Every once in a while I dust off one of the old anthems simply because the melody is so familiar and the words are filled with hope. “Holy God, We Praise Thy Name;” “Amazing Grace;” Even “Precious Lord, Take My hand” come to mind. I hear the fifty or so us morning Mass people belting out phrases like “I once was lost, but now am found; was blind but now I see.” When the community sings the old, familiar tunes, my head and heart clear so that I can pray.
However, there are times when our old songs, like lullabies, can seduce us into a state that focuses on our own comfort.
The psalmist tells us to sing new songs. I take that to mean we should sing new songs with fresh words and stirring melodies. The parish community needs to wake up to an occasional new morning song. Our hymnals contain more material than we could ever use. Some of it, not too good; but other hymns are there like coins we’ve never spent. What are we hoarding them for? Let’s sing them!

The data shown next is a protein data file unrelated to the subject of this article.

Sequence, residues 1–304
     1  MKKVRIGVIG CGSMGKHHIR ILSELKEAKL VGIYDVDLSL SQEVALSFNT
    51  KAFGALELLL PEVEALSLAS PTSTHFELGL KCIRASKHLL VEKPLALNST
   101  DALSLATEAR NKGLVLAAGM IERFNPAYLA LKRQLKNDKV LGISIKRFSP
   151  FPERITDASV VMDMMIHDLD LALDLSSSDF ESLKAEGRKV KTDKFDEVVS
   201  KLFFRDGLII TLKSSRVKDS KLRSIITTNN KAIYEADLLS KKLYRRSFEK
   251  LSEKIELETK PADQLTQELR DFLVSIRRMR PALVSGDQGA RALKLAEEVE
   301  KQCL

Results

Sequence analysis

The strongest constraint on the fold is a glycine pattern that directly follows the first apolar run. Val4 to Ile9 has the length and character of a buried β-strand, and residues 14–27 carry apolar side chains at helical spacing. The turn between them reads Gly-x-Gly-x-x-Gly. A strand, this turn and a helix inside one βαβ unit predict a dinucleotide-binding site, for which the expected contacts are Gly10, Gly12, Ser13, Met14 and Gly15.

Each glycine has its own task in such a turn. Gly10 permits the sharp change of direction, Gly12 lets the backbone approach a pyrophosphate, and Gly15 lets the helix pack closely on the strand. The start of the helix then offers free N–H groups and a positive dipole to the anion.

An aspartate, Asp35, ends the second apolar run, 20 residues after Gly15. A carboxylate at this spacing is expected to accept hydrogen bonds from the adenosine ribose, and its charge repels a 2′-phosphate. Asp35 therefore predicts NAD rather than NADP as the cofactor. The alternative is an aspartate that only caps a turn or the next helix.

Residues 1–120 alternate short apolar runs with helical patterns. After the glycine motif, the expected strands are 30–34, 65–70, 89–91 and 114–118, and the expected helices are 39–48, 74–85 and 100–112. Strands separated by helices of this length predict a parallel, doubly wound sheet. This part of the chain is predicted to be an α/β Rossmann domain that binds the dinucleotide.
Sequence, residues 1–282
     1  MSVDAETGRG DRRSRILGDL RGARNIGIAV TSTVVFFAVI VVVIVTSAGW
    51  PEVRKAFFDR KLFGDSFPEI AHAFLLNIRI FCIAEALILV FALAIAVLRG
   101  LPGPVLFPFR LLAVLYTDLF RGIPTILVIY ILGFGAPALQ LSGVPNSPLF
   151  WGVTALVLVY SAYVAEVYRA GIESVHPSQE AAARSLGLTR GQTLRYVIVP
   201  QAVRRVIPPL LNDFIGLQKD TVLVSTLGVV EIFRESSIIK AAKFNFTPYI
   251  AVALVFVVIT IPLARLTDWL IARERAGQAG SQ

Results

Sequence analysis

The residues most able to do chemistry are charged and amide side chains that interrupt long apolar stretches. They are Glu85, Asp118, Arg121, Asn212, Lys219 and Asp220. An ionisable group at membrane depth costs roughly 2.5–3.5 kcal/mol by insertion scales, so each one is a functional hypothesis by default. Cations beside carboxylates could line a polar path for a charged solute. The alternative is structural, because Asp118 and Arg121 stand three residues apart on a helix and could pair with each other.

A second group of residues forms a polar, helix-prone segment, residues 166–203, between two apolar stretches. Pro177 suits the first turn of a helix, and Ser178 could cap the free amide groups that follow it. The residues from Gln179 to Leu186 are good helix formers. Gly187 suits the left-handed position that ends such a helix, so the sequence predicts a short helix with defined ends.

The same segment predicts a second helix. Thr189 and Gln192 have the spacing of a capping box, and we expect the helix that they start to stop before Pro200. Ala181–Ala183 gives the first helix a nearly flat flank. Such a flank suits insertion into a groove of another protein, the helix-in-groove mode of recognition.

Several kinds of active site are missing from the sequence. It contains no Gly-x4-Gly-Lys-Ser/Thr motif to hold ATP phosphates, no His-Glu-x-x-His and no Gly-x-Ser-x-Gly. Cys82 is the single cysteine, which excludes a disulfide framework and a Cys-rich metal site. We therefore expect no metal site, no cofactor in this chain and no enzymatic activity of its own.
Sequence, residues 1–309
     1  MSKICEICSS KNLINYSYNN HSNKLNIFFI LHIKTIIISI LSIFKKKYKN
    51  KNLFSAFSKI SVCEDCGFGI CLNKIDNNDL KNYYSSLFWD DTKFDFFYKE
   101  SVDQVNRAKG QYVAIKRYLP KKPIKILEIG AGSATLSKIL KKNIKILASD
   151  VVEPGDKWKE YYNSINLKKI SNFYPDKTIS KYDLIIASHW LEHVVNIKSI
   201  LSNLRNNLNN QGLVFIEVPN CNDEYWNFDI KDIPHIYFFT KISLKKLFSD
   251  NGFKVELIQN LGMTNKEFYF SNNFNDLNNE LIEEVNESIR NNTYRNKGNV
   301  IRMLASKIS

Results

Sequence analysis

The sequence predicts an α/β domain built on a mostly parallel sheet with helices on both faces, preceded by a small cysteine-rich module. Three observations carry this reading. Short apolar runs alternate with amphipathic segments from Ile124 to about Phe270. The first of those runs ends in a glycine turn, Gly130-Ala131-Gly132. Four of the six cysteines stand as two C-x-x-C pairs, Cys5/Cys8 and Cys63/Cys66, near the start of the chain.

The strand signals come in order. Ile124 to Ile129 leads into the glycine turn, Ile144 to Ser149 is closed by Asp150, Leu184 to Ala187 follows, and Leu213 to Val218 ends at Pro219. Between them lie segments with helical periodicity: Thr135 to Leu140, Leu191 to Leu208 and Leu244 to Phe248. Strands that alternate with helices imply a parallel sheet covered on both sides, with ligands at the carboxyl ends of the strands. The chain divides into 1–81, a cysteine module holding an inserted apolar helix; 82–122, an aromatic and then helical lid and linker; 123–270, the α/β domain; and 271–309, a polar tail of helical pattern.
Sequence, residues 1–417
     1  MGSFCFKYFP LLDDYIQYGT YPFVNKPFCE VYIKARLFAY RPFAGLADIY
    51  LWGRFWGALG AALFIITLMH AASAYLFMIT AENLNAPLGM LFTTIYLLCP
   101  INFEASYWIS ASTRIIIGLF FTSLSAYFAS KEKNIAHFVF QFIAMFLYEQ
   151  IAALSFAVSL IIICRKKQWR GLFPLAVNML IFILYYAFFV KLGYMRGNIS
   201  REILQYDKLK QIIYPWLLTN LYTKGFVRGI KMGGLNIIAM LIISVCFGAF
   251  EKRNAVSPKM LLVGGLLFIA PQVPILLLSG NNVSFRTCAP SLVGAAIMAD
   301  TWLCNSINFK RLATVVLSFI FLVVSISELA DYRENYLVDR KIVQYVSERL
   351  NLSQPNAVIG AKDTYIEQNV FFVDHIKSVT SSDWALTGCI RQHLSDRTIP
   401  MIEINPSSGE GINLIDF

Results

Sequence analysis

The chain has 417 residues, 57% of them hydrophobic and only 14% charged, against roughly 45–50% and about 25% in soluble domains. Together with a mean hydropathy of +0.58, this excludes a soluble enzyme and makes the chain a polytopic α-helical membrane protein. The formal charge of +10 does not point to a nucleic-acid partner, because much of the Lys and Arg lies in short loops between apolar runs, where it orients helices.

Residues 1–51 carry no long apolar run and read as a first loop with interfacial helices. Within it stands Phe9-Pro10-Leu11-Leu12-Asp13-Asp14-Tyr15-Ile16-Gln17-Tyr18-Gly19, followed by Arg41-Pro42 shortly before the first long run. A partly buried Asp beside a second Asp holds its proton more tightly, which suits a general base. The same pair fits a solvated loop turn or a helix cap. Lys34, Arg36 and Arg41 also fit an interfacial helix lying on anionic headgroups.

I snuck in “Precious Lord” (above) when you weren’t looking. It’s a powerful gospel hymn by Dr. Dorsey. That song has its place when we need to sing of facing up to our own destinies. “Softly and Tenderly Jesus is Calling”(again by Dorsey) is also in our parish hymnal. We never sing it. Is it too embarrassing to sing of an intimacy with Jesus that has Him calling our souls to heaven?”
“Sing a new song” means, also, that our composers need to keep working at producing contemporary
music with lyrics that are memorable and singable. We need newly created songs for communion meditation, for example.
However, when I come across the verse in Psalm 33 asking me to sing a new song to the Lord, I sometimes pray as I lift my head from my breviary, “Lord, you know I can sing. Teach me a new song. Instruct me in the melody and teach me the words.”